“I feel it’s a good thing, because a lot of jobs – construction – a lot of these people hang out by Home Depot taking away American jobs,” he says, referring to day laborers who congregate near home-improvement stores to look for work. “I feel he’s doing the right thing. A lot of people are here illegally. If they have a work visa, I have no problem with that.”
Sharon Becote, a lifelong Paterson resident, also says President Trump is doing the right thing.
“If you are here, take care of the paperwork to stay here legally. We don’t want to kick you out, but do what’s necessary to become a legal citizen.”
She adds: “I do agree with what he’s doing.”
Looking for work
Still others worry about the potential for mass deportations, saying it would tear families apart and hurt livelihoods. Passaic’s acting mayor, Hector Lora, says the community is already on edge after false accounts of ICE raids in the area had been circulating on social media.
One graduate of the Passaic County Technical Institute admits that he and his family had been hiding in the basement of their Passaic home after reading that federal agents were traveling door to door in the city, Lora says.
Lora has also heard from the Passaic County Women, Infants and Children benefits office, or WIC, that mothers in the area were calling to say they were afraid to come in to receive services, for fear that federal offices were being staked out by immigration agents. Community members told Lora they had similar fears about letting lead or fire inspectors into their homes.
“It’s not pragmatic, as far as elevating safety and security,” Lora says of the president’s immigration policy. “It’s causing problems, even panic.”
Near Broad Avenue, on the border of Palisades Park and Ridgefield, day laborers and undocumented immigrants congregated Tuesday looking for construction jobs.
“Let’s just say I no longer wear work boots,” said Nick Silvera, 35, who came from Uruguay illegally in 1989. “I wear Nikes just in case I have to run.”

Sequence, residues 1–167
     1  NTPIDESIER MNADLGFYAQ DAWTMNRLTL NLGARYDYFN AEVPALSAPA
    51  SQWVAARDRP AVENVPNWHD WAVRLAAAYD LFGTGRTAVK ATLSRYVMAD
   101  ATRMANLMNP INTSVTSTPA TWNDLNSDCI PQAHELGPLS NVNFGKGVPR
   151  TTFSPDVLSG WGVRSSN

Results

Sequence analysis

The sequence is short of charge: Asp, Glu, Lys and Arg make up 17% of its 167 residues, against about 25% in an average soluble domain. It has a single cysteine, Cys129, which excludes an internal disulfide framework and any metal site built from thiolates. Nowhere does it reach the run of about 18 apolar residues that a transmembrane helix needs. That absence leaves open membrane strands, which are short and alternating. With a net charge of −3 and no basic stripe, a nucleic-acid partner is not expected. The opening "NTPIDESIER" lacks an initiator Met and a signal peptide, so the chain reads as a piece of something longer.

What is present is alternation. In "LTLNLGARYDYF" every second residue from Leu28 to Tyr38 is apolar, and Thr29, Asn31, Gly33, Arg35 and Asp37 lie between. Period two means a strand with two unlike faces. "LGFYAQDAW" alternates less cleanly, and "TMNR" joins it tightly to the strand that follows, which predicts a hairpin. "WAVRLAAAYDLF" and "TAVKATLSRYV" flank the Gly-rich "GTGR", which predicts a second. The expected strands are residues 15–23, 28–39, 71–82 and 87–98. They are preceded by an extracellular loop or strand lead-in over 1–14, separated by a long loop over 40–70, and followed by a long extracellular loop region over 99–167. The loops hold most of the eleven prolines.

Silvera said he has lived in the country since he was 7 years old and knows nothing about his homeland. He has grown up, worked and raised two young daughters in this country. For him, these new orders threaten the life he has built and erase all hope.
“He’s wrong,” Silvera said. “He’s misjudging everybody.”
Many proponents of Trump’s policies assure the immigrant population that only those without documentation need worry. But for people like Freddy Calo, 19, a restaurant worker in Hackensack, the worry centers on friends and family who are undocumented.
“It doesn’t feel good,” Calo says. “But one can only hope everything goes all right.”
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Kenny, who came from Guatemala illegally 22 years ago and refused to give his last name, says the orders are rooted in ignorance.
“What’s happening doesn’t make sense to me,” Kenny says. “We’re all immigrants.”
Jorge Alvarez and Angel Sifuentes, both of Bergenfield, have worked as day laborers for well over three years. They were standing on the corner of Columbia Avenue and Addon Road on Tuesday waiting to get a chance to be offered work.
“If we are the robbers and criminals like he says we are, we wouldn’t be here looking for work,” Alvarez, a Mexican immigrant, said of Trump. “We shouldn’t have to worry about getting arrested. We’re not doing anything bad; we’re looking for work.”
Sifuentes said he has three kids and a wife waiting for him in his home country of Guatemala. For years, he said, he has been trying to earn enough money to have his family join him.
“I think with everything that’s happening now, it’s more likely that I’ll return there, then send them to live here,” Sifuentes said. “We’re here to work hard and for a better life for our family. If that isn’t possible here, then where?
“But I still believe in the power of the people. When a president doesn’t do a good job, the people have a say on whether he stays or goes, right?”
Staff Writers Nicholas Katzban and Catherine Carrera contributed to this report.